By Mark Girouard
(Frances Lincoln, Hardcover, 9780711233294, 192pp.)
Publication Date: July 1, 2012
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Does a neglected masterpiece by Jane Austen enshrine her first love affair? Who was Vita Sackville West's real grandfather? What clues are there to the identity of 'Walter', doyen of Victorian pornographers? When and why did P.G. Wodehouse mutate from hack to genius? Was Oscar Wilde really down and out in Paris? Was Brideshead really Madresfield?
These and other excursions into literary or social history have developed out of Mark Girouard's spare time enthusiasms, as diversions from his main occupation as an architectural historian. In nine essays he calls attention to points that have not been noticed before, corrects fallacies that have got into general circulation, suggests, identifies, redates, refutes, or pours a little cold water on unjustified romanticisms. Three further essays sample another enthusiasm, his own family background, and introduce characters such as the dwarf who had to stand on a bench to address the South African Parliament, the colonial governor who fell in love with his niece, and the dowager duchess with whom he spent his childhood on the edge of the park at Chatsworth.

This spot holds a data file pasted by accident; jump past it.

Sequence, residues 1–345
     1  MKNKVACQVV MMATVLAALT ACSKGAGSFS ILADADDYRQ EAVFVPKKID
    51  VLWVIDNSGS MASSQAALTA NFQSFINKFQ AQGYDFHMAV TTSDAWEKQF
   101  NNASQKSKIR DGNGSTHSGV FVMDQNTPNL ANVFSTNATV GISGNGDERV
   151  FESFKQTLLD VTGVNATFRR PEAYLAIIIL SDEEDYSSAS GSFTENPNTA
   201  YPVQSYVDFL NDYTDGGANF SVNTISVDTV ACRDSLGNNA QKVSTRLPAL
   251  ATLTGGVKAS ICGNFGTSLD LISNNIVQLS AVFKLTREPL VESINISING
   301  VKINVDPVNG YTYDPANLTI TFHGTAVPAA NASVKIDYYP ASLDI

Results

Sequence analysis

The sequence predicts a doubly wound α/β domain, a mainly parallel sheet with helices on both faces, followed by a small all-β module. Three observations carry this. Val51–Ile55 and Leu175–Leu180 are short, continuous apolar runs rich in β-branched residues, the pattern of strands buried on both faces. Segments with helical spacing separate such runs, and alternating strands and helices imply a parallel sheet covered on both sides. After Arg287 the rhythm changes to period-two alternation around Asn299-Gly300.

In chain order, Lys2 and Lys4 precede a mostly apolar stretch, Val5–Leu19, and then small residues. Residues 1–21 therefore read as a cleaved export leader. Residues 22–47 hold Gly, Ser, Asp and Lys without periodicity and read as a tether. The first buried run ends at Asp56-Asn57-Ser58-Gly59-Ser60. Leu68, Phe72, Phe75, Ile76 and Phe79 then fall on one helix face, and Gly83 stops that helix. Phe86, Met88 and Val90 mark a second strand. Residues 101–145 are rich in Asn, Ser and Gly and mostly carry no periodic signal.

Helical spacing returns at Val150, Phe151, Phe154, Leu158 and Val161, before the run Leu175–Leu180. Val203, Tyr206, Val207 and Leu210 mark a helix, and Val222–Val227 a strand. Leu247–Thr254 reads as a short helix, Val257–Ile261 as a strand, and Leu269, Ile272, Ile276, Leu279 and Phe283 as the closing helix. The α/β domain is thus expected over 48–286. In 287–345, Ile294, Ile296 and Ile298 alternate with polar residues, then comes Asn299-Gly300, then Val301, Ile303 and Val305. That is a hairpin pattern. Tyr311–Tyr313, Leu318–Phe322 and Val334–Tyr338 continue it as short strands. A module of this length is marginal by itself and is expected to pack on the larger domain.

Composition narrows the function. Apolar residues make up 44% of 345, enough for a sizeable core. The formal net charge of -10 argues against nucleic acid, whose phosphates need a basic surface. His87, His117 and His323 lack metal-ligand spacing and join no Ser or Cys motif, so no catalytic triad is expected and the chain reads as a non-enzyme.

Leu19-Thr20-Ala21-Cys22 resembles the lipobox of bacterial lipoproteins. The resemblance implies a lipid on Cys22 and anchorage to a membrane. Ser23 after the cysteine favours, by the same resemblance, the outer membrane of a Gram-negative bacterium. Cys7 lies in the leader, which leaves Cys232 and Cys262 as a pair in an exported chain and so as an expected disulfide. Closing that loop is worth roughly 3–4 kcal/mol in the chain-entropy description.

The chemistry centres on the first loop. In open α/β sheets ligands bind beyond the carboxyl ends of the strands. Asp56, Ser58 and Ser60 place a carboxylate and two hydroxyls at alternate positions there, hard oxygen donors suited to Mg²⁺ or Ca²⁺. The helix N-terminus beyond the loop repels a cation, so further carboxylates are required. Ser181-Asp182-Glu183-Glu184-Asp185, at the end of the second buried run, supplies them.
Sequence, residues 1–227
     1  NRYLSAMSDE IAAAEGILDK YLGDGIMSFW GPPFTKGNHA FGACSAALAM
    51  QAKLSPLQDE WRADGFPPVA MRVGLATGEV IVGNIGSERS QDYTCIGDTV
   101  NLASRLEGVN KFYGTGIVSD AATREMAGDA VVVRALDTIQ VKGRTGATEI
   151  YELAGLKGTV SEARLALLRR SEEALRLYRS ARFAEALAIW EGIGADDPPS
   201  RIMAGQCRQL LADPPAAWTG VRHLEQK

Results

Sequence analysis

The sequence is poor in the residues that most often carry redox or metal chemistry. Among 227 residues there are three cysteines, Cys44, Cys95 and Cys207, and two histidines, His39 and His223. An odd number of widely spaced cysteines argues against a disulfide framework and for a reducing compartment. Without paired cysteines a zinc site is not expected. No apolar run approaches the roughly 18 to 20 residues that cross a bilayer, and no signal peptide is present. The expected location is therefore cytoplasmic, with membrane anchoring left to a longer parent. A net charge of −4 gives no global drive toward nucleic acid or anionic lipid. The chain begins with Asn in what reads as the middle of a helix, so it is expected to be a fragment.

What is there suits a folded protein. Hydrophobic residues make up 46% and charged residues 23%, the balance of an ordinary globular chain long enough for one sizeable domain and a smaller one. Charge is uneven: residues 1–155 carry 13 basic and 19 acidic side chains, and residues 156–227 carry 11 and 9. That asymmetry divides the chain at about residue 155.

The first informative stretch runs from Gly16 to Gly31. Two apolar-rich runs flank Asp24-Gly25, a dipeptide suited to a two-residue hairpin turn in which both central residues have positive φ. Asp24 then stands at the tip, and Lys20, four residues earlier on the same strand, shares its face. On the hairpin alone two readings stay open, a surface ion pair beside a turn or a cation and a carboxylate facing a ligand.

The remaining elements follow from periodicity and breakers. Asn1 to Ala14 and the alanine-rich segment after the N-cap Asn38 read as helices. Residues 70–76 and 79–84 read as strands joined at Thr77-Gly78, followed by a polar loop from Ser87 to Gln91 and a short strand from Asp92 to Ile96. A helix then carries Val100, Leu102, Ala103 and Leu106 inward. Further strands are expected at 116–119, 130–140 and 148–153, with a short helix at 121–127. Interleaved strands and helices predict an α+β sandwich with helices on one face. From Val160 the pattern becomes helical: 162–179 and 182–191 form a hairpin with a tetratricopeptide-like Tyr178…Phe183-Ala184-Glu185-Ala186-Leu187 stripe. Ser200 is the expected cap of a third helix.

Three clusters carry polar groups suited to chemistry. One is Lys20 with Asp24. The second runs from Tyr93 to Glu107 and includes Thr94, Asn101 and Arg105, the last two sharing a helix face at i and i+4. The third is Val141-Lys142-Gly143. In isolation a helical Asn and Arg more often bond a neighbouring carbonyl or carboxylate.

Mark Girouard was born in 1931. He is a British architectural writer, an authority on the country house, leading architectural historian, and the biographer of James Stirling.He worked for Country Life magazine firstly as its Architectural Writer, and then as its Architectural Editor until 1967. He was Slade Professor of Fine Art from 1975 to 1976, and was elected a Fellow of the Society of Antiquaries of London in 1987. Among his many books is Elizabethan Architecture (2009) and Life in the English Country House, which won the Duff Cooper Memorial Prize for 1978, and the WH Smith Literary Award in 1979. Writing with wit and erudition, Mark Girouard's works expertly explore the social history of the fabric in which we live. He lives in Notting Hill, London.
"Easygoing elegance and scholarliness lightened by jouncing, irrepressible enthusiasm." - Katherine A. Powers, "A Reading Life", Barnes & Noble Review